Presented in part at the Plenary Session of the American Society for Gastrointestinal Endoscopy during Digestive Disease Week 1994 in New Orleans, LA, and during World Congress of Gastroenterology 1994 in Los Angeles, CA. Published in abstract form (Gastrointest Endosc 1994;40:P116).
Endoscopic therapy of sclerosing cholangitis†
Article first published online: 5 DEC 2005
Copyright © 1995 American Association for the Study of Liver Diseases
Volume 21, Issue 3, pages 661–667, March 1995
How to Cite
Lee, J. G., Schutz, S. M., England, R. E., Leung, J. W. and Cotton, P. B. (1995), Endoscopic therapy of sclerosing cholangitis. Hepatology, 21: 661–667. doi: 10.1002/hep.1840210310
- Issue published online: 5 DEC 2005
- Article first published online: 5 DEC 2005
- Manuscript Accepted: 20 SEP 1994
- Manuscript Received: 10 JUN 1994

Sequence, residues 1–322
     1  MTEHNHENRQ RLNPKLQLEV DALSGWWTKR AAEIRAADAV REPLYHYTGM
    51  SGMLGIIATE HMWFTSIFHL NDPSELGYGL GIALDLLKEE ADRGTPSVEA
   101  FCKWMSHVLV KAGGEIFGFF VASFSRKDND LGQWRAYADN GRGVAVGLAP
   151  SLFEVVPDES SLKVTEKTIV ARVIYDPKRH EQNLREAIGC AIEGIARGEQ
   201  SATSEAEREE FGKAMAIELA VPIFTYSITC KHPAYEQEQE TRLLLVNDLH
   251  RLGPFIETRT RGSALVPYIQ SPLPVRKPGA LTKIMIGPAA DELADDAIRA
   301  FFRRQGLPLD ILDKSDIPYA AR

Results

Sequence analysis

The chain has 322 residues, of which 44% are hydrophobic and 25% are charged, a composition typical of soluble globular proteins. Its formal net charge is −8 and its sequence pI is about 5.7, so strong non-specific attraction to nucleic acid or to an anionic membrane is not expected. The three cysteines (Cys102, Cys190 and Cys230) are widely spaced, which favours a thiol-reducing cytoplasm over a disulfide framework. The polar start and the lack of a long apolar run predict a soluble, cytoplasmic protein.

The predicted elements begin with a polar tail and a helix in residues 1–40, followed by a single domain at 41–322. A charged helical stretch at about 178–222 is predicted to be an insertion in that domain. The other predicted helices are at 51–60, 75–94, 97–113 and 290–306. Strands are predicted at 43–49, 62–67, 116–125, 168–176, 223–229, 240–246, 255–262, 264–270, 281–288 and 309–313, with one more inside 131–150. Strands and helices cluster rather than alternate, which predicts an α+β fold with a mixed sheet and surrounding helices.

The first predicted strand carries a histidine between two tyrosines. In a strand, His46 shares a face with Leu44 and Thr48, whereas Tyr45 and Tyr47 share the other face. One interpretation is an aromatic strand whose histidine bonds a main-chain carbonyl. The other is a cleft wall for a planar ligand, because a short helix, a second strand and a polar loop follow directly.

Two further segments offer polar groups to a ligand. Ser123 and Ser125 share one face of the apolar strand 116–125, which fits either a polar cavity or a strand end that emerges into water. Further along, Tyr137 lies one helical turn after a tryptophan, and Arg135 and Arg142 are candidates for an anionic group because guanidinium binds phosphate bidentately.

The efficacy of endoscopic treatment in primary sclerosing cholangitis has not been clearly established. This report presents endoscopic intervention in 53 consecutive patients with this disorder. Pertinent data were abstracted from the GI-TRAC database, medical records, and cholangiograms, and clinical follow-up was obtained by telephone interview of the subjects. Assessed treatment outcomes were clinical symptom, liver function test, and cholangiographic appearance. Between 1986 and 1993, 85 patients with primary sclerosing cholangitis underwent successful ERCP, of which 36 men and 17 women underwent 100 therapeutic endoscopic procedures. Forty-three of 50 dilations, 37 of 38 stentings, 8 of 8 nasobiliary tube placements, and 11 of 17 stone extractions were technically successful. These treatments were complicated by cholangitis or pancreatitis in 15 patients. Clinical follow-up was obtained in 50 of 53 patients who had undergone 85 procedures (median follow-up of 31 months): 28 patients felt better, 21 felt the same, and 1 felt worse. Liver function tests obtained within 3 months of the endoscopic treatment were significantly improved compared with pretreatment values (P < .001). Cholangiograms showed improvement in 36% of the patients, no change in 51%, and the effect of therapy could not be assessed in 13%. Overall, 41 of 53 patients (77%) had improvements of their clinical symptoms, liver function tests, or cholangiograms.